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. Last Updated: 07/27/2016

Kremlin Critics See Trouble in Duma

A group of opposition activists recently visited 25 printing houses before finding one willing to put out a newspaper calling for an anti-Kremlin street protest.

It may get even tougher if a bill on extremism, which comes up for a crucial second reading in the State Duma on Friday, is passed into law.

The bill introduces fines for printers and publishers that distribute literature deemed extremist. It also stiffens the penalties for crimes like hooliganism and creating public disturbances if a court decides they were committed out of extremist motives.

Although the bill is ostensibly aimed at skinheads and other radical groups, opposition activists fear it could be used against them -- especially in the run-up to next year's presidential elections.

"This will increase the arbitrariness of law enforcement agencies and courts," said Marina Litvinovich, a spokeswoman for The Other Russia, an opposition umbrella group that has organized a series of street protests and faced trouble getting its newspapers printed.

"They try to accuse us of extremism for just about any kind of behavior. If you're walking down the street, and you yell 'make way, make way' when the OMON riot police have you surrounded, that already counts as extremism," Litvinovich said.

One of the bill's provisions increases the penalty for acts of hooliganism that are committed out of extremist motives. Perpetrators could face up to six years in prison. The current Criminal Code allows sentences of up to five years.

In recent years, charges of hooliganism have been filed against members of the outlawed National Bolshevik Party for pranks like throwing eggs at officials and hanging an anti-Putin banner on the Rossiya Hotel.

Sergei Belyak, a lawyer who has represented the National Bolsheviks, said the bill was an attempt to put the political opposition on the same level as common criminals. "There used to be a law on anti-Soviet activities, on spreading anti-Soviet views. Well, now there's no Soviet system, so they've turned everyone into extremists," Belyak said.

One of the bill's co-sponsors, State Duma Deputy Mikhail Yemelyanov, denied that the bill was meant to suppress legitimate political activity. "We tried to make things as clear as possible to distinguish legitimate opposition from extremism," said Yemelyanov, a member of the pro-Kremlin United Russia party.

He said he hoped the bill would pass a third reading in the Duma before the end of the spring session. Duma deputies will go on vacation in mid-July.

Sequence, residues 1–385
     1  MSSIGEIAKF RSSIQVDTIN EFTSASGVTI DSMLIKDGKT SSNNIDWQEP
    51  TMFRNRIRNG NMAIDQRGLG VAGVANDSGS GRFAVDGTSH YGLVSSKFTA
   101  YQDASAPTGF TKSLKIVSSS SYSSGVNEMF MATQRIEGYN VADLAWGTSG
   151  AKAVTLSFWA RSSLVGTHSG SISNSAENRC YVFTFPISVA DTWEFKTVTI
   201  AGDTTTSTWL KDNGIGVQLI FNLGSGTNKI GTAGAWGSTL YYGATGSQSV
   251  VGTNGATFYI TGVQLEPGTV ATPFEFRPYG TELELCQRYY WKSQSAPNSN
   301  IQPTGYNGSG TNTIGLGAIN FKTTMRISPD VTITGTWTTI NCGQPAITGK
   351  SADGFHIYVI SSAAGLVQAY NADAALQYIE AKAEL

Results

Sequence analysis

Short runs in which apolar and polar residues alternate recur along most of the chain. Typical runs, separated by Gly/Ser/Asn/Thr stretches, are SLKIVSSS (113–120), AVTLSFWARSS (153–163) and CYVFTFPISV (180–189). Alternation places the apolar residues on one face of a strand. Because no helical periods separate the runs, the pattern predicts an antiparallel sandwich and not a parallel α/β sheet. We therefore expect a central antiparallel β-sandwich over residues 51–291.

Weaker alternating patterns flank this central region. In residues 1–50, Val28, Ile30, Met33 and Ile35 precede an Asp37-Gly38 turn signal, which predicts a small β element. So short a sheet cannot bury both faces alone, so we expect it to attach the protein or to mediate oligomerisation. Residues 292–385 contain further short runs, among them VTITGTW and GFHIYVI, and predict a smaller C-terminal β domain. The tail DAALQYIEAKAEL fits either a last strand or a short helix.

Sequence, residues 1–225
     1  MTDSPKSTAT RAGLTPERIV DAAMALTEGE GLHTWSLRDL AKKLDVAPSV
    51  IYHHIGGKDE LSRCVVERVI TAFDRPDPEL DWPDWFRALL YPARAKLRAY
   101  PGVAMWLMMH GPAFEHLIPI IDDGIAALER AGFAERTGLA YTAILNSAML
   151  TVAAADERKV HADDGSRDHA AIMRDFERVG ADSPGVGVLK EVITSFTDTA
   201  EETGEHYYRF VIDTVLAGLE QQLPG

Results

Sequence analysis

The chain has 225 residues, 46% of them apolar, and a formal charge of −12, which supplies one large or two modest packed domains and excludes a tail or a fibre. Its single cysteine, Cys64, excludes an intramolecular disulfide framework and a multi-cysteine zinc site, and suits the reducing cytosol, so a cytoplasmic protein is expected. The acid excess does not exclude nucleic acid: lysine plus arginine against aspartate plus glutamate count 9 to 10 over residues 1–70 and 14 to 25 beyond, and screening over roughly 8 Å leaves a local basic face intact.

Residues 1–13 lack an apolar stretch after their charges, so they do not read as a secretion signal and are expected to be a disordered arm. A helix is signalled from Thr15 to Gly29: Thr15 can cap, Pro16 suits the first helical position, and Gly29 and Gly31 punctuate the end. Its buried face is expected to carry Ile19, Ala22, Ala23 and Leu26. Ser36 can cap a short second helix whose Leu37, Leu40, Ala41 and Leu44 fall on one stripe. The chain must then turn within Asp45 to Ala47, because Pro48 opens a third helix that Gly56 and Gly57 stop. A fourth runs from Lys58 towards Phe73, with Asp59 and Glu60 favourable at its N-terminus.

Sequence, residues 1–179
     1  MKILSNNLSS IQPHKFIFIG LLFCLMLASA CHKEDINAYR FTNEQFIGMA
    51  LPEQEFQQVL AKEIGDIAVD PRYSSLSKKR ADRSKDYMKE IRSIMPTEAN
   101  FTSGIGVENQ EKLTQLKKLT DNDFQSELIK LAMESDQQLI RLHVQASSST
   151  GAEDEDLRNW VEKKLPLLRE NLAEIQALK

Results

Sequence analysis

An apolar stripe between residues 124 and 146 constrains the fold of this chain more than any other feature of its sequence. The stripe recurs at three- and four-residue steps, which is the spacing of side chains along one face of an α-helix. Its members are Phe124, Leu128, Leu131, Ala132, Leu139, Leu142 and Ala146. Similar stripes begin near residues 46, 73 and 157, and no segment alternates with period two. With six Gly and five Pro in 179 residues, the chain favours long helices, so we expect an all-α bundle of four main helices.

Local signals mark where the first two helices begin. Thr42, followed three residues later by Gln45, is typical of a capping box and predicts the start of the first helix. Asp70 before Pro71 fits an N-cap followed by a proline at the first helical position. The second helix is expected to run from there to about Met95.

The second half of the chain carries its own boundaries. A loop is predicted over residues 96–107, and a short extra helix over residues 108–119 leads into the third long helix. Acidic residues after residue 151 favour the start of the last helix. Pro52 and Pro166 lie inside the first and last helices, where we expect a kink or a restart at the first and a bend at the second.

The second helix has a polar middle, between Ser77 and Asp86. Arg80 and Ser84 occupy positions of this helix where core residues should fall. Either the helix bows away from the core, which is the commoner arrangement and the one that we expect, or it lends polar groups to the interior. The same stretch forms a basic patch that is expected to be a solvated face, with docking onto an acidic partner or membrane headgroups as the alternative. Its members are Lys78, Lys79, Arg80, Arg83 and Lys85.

The legislation will be in place when electoral campaigns start heating up this fall if it passes the three Duma readings and is approved by the Federation Council and signed into law by President Vladimir Putin. Parliamentary elections are scheduled for December, while the presidential vote is scheduled for March 2008.

"The rush to pass this bill is connected with the fact that they want the law in place by this fall, that is, when the electoral campaign begins," Litvinovich said.

In another provision that could spell trouble for opposition activists, the bill introduces fines for the legal entities -- that is, printers and publishers -- that distribute literature deemed extremist. Currently, only the individuals who are responsible for such material -- such as authors or editors -- can be held accountable for it.

The authorities have confiscated the books and newspapers of various Kremlin critics on suspicion of extremist content. Last month, for example, the FSB seized 150,000 copies of an Other Russia newspaper from a St. Petersburg printing house to examine them for extremism.

Litvinovich said printers were already afraid to touch the group's newspapers. The last time that The Other Russia tried to print its literature in Moscow, she said, it was rejected by 25 printing houses before finding one that was willing to take the order. "This bill will only add to the fear that's been there for a long time already," she said.

Much of the debate over extremism legislation has hinged on the definition of what, exactly, constitutes extremism. The new bill appears to broaden the definition by inserting language from a controversial 2002 extremism law into the Criminal Code. For instance, the bill stiffens the penalties for hooliganism and public disturbances if they are committed out of "ideological, political, racial, national or religious" motives, as well as out of "hatred or enmity toward some social group."

Belyak, the National Bolsheviks' lawyer, said a "social group" could be interpreted as anything from oligarchs to bureaucrats to law enforcement agencies. "This is an attempt to deprive people of any opportunities to protest, not just on racial or religious issues, but on social ones too -- to press people so they won't be able to protest," Belyak said. "If that's the case, then why do we need trade unions?"

Yemelyanov, the bill's co-sponsor, said the language was simply an attempt to clear up contradictions between the extremism law and the Criminal Code. He dismissed the criticism and said the "social groups" provision was justified. "We have a very bad characteristic as a people. It's considered normal to say that all rich people are bad, that all bureaucrats are bad," he said.

Yemelyanov cited the 1905 and 1917 revolutions as times when extremism damaged Russian society.